- New York State Construction Industry Fair Play Act Effective
- October 28, 2010 | Authors: Steven S. Goodman; Richard I. Greenberg; Thomas V. Walsh
- Law Firms: Jackson Lewis LLP - Melville Office ; Jackson Lewis LLP - New York Office ; Jackson Lewis LLP - White Plains Office
Under the New York State Construction Industry Fair Play Act, effective October 26, construction workers are presumed to be employees, and must be treated as employees, as opposed to independent contractors, unless they meet three criteria. The new section to the New York Labor Law takes aim at worker misclassification in the construction industry. After signing the legislation, Governor David Paterson said, “Studies have shown that up to 15 percent of New York’s construction industry is misclassified at any given time. It deprives the government of tax revenue at a time when it is sorely needed and places an unfair burden on law-abiding employers who play by the rules. It often deprives New York’s workers of crucial benefits such as overtime pay, workers’ compensation and unemployment insurance. This new law will be a powerful tool that hopefully will clean up this practice once and for all.”
Under the law, construction industry employers must notify workers of their classification status as employees or independent contractors. Employers must display a New York State Department of Labor notice about the Act, which explains to workers their rights and protections.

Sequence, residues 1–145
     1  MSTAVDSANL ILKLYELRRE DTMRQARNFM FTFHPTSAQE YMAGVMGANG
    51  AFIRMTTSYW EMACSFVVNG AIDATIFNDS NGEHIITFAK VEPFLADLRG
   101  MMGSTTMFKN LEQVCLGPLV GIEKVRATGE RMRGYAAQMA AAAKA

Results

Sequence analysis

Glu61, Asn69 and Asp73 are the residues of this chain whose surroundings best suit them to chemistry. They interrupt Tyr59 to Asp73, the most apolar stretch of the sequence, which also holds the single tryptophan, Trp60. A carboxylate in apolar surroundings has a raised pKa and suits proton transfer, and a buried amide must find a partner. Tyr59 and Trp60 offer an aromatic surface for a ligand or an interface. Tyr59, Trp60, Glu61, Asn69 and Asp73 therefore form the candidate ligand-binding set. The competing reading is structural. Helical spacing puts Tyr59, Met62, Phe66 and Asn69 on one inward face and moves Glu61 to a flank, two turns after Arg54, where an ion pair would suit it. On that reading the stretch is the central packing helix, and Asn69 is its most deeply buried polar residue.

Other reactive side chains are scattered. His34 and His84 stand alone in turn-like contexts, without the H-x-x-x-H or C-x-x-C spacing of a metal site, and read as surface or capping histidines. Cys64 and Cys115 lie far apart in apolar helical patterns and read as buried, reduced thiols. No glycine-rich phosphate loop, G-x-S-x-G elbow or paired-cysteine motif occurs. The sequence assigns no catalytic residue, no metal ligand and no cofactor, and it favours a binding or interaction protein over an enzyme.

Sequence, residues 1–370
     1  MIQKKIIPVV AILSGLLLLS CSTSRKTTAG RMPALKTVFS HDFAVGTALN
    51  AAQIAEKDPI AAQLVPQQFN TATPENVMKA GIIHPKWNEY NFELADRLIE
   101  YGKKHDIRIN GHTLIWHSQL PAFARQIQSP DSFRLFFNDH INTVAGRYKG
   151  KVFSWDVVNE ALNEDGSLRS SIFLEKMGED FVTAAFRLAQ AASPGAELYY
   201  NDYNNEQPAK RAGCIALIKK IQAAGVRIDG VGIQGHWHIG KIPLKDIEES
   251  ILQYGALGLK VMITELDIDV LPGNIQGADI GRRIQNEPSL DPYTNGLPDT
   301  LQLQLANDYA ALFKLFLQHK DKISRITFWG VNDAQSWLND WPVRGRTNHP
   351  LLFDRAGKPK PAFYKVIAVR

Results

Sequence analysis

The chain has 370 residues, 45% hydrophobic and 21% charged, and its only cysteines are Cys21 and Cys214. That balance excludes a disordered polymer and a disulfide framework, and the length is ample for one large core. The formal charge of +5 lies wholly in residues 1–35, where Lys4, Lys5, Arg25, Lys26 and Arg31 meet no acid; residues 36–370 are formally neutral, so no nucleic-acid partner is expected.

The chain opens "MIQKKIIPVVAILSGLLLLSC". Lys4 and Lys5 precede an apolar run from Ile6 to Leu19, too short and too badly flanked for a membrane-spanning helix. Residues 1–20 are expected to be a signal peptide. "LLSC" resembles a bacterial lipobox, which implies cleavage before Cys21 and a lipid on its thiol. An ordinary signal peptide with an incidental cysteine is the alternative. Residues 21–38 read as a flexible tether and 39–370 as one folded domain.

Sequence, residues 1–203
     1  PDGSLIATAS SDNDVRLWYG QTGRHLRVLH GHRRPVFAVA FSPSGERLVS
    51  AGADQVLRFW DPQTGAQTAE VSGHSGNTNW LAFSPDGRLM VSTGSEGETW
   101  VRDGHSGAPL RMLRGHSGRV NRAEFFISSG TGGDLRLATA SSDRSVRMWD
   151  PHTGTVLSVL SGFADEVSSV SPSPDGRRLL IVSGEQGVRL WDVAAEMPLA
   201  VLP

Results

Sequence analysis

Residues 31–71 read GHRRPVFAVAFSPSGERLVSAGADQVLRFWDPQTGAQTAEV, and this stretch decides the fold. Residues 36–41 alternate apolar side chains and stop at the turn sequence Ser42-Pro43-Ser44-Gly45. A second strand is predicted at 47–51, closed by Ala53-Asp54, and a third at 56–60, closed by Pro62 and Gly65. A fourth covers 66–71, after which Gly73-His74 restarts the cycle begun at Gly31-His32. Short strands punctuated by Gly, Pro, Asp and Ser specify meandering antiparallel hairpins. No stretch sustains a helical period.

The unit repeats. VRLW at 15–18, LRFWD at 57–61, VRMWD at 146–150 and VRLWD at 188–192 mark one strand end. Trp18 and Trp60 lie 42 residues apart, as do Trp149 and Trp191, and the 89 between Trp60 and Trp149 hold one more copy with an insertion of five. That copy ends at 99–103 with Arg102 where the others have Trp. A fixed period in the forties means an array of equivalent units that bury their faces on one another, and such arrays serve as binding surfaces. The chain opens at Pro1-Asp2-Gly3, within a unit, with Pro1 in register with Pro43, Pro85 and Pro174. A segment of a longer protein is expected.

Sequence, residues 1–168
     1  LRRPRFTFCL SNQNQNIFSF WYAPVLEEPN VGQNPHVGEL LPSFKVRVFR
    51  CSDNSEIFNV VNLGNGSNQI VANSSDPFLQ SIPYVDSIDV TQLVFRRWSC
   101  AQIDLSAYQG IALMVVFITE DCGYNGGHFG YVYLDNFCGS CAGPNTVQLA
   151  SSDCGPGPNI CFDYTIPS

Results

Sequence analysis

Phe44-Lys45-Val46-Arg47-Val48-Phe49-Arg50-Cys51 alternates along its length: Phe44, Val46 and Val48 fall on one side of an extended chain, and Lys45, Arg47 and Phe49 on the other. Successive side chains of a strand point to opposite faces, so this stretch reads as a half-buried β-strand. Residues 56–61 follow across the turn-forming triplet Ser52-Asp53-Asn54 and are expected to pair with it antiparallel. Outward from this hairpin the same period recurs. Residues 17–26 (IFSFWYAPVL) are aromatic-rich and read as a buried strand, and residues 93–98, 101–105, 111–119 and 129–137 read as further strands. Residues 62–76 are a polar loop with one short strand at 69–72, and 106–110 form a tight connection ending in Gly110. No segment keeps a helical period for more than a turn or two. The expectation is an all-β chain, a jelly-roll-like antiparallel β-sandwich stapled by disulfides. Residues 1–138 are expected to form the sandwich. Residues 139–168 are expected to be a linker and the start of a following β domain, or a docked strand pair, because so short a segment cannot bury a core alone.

Independent Contractor Status (Three Criteria)
A worker classified as an independent contractor must satisfy the following three criteria:
•The worker is “free from control and direction in performing the job, both under his or her contract and in fact;”
•The service “must be performed outside the usual course of business which the service is performed;” and
•The worker is “customarily engaged in an independently established trade, occupation, profession, or business that is similar to the service at issue.”
An employer who violates the Act by paying workers off-the-books or improperly treating employees as independent contractors may be subject to a civil penalty of $2,500 to $5,000 per employee. In additional, an employer may be subject to a criminal penalty of up to 60 days in jail, up to a $50,000 fine and debarment for up to five years.